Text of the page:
A German government decision to prevent Hollywood star Tom Cruise from filming scenes for his upcoming movie about a German aristocrat behind a daring plot to kill Hitler has drawn criticism from a number of quarters.
Florian Henckel von Donnersmarck has slammed the government's stance on Cruise
Germany's Oscar-winning director Florian Henckel von Donnersmarck, the creative brains behind Stasi film "The Lives of Others," which won the best foreign language picture award in February, slammed the government for wasting "a golden opportunity."
Having Cruise play Count Claus Schenk von Stauffenberg in director Bryan Singer’s film "Valkyrie" would promote Germany's image "more than 10 soccer World Cups," Henckel von Donnersmarck wrote in a full-page article in the daily Frankfurter Allgemeine Zeitung.
Berlin officials prevented Singer from filming at the so-called Bendlerblock, the site where Stauffenberg was executed after his failed attempt to assassinate the Nazi leader in 1944, claiming that it was because it was a memorial site.
Singer was also prevented from filming at the police station and yard for Precinct 52 in the city's Kreuzberg neighborhood after senior officers complained that this would obstruct the various departments working on the site.
Officials deny Scientology claim
Tom Cruise plays Count von Stauffenberg in the film
While some German politicians have said that Cruise, 44, is unwelcome because of his involvement with the Church of Scientology, officials have said that the decision to prevent filming at the Bendlerblock, now part of the defense ministry, was unconnected with the star's beliefs and was based purely on the disruption it would cause.
But in his article, Henckel von Donnersmarck accused German officials who had publicly raised concerns about Cruise's involvement with Scientology of making the country appear intolerant.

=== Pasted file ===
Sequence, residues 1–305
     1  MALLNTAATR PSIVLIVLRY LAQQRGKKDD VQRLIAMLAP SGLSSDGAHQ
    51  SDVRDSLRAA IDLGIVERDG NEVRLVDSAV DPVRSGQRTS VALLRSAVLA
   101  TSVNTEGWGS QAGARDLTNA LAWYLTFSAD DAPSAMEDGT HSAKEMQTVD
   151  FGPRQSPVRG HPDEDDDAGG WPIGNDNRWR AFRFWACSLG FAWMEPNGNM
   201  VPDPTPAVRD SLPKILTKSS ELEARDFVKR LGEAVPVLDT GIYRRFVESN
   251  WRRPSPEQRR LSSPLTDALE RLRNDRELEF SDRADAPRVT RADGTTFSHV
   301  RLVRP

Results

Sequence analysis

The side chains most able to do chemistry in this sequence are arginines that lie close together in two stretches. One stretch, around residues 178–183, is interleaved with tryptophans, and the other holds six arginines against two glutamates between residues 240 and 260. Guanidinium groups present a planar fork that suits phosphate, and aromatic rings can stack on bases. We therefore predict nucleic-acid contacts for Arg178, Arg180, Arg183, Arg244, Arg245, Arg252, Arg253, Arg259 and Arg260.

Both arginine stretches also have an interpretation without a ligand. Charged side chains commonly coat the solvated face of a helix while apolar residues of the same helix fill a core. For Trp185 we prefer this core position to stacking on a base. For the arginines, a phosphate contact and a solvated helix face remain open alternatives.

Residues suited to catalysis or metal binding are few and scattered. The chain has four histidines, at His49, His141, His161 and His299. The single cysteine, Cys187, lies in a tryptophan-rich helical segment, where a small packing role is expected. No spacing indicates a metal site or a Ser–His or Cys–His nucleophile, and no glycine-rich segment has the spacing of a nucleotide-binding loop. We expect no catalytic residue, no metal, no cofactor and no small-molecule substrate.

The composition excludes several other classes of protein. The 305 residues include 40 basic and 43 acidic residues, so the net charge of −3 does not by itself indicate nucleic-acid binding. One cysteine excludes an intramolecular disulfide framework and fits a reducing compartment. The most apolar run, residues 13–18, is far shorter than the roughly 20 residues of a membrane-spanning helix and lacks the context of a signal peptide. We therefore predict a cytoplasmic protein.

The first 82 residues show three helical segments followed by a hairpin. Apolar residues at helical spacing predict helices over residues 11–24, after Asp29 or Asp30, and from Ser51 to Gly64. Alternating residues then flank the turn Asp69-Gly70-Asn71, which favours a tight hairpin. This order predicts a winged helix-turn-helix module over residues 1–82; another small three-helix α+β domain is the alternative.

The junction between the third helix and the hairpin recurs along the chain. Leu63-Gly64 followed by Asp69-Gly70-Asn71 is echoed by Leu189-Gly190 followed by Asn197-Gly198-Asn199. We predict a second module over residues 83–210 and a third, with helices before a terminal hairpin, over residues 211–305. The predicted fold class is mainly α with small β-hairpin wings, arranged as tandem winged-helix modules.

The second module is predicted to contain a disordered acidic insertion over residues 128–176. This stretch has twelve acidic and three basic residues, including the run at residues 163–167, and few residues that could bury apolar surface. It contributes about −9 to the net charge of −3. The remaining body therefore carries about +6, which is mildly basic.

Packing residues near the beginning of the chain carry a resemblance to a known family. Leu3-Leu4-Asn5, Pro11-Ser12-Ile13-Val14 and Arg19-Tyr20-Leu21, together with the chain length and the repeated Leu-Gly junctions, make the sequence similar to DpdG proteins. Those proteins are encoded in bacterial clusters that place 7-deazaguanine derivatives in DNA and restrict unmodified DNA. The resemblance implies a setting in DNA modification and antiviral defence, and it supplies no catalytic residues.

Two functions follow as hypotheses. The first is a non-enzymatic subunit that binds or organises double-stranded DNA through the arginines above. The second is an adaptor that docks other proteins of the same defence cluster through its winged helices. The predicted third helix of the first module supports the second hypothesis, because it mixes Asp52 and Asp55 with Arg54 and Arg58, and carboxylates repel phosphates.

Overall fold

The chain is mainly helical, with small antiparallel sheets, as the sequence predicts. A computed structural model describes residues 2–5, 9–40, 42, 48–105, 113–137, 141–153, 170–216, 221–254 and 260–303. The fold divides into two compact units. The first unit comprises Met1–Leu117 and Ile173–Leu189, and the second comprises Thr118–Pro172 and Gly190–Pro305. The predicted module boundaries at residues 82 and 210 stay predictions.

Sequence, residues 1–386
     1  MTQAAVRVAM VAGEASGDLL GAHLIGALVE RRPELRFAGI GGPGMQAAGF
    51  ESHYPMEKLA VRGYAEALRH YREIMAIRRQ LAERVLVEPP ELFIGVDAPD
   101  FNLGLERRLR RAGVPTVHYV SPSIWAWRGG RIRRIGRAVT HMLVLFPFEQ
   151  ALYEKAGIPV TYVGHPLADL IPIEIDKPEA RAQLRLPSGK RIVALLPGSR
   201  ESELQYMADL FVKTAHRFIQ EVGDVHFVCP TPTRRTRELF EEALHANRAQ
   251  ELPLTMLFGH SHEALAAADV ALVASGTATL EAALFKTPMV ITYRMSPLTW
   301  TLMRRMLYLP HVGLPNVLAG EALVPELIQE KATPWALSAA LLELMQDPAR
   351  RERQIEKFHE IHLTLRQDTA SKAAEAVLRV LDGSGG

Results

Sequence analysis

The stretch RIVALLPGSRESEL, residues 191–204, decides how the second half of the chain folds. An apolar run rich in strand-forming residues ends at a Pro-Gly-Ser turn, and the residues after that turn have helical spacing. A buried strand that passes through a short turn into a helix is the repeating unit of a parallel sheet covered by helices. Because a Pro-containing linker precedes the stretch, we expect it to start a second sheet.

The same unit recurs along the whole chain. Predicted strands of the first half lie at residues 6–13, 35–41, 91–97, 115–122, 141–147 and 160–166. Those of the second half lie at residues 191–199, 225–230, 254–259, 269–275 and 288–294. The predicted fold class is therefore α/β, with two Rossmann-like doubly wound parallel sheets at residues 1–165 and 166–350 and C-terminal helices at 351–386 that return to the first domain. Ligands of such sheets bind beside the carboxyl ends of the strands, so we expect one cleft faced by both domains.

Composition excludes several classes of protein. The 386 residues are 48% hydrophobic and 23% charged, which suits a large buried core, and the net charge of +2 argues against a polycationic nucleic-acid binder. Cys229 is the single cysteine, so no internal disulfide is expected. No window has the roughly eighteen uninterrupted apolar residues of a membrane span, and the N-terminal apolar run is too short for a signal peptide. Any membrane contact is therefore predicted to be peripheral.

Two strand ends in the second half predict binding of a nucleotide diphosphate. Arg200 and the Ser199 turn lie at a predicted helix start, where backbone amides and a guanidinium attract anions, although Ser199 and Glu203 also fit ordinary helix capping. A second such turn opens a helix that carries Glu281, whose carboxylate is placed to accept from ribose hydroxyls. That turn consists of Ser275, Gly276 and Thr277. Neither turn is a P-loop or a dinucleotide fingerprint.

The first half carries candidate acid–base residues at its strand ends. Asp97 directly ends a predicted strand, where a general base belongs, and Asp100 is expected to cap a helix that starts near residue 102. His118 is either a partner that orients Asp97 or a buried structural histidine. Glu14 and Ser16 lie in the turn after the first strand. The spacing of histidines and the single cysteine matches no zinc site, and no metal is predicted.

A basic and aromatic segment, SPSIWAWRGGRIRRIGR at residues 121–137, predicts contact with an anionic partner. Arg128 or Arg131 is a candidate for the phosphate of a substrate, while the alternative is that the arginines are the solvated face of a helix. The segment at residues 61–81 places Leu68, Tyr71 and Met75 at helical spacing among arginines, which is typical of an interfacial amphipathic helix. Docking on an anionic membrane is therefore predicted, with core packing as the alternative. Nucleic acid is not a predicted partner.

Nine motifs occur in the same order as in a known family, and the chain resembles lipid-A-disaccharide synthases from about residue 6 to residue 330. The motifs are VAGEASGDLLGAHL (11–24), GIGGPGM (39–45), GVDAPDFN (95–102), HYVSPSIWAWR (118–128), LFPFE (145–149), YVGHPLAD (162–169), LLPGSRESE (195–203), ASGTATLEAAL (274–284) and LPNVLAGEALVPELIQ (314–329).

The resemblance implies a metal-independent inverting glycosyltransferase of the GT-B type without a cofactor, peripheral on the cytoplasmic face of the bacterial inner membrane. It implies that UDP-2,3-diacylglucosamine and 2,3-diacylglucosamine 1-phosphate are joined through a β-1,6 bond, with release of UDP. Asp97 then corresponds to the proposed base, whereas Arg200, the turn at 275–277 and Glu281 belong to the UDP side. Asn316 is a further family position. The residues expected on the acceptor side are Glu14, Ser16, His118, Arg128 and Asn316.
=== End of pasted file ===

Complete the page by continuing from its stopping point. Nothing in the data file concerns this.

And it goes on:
"If Stauffenberg and his consorts were considered un-German traitors to the fatherland, now even the biggest star of the victors' nation is not enough to play our superman Stauffenberg if this star is not in line with contemporary Germany in his personal views," he said.
The July 20 1944 Foundation, a German organization set up to coordinate events and keep the story of von Stauffenberg alive, also spoke out against the government’s decision. Rüdiger von Voss, the foundation's president, said that Cruise should be allowed to play the German hero, regardless of his links to Scientology.
"It is unconstitutional to restrict artistic freedom and this freedom should be protected," von Voss was quoted as saying in the Rheinischen Merkur newspaper.
Cruise links to church concern many
The Bendlerblock is used as a memorial site in Berlin
However, Peter Steinbach, head of the Memorial of the German Opposition, weighed into the argument Wednesday by saying that it was sadly ironic that the film about a national hero that stood up to the Nazis would star a man widely perceived as being a member of a totalitarian organization.
Steinbach also criticized Henckel von Donnersmarck for his article, in particular his description of von Stauffenberg as a "superman" which could be misconstrued as a reference to the Nazis' desire to create a master race. "Henckel von Donnersmarck should think seriously about the concepts he uses and which he so frivolously and irresponsibly puts out there in the world."
The row over Cruise's beliefs took precedent in the location debate when Defense Minister Franz Josef Jung made it clear that filmmakers could not shoot at any military sites as long as Cruise plays von Stauffenberg because of the Hollywood actor's link to Scientology.
However, the German Finance Ministry, which oversees the locations and has the final word on such matters, said the filmmakers were welcome to film in Germany -- just not at the Bendlerblock.
"They will not be permitted to film at the Bendlerblock but this has nothing to do with (Scientology)," said Finance Ministry spokesman Stefan Olbermann. "We welcome the fact that such a film is being made," he added. "We don't think it would be appropriate to film there."
He added that the ministry was still considering the filmmakers' requests to shoot at other sites in Germany, though he said there were no requests to film at military sites.
Scientologists under surveillance in Germany
The Church of Scientology is closely watched in Germany
The US-based Church of Scientology is under observation by the Federal Office for the Protection of the Constitution and several state security watchdogs, although not by the Berlin authorities following a successful court challenge by the group.
Anti-subversive agencies in Germany fear its activities are "directed against the free democratic order" in the country. The church opened a new center in Berlin in January, sparking fears that it is trying to make inroads into German politics.
Scientologists are regarded with suspicion in many European countries, where authorities contend its leaders seek economic gain and use totalitarian methods to keep supporters in line.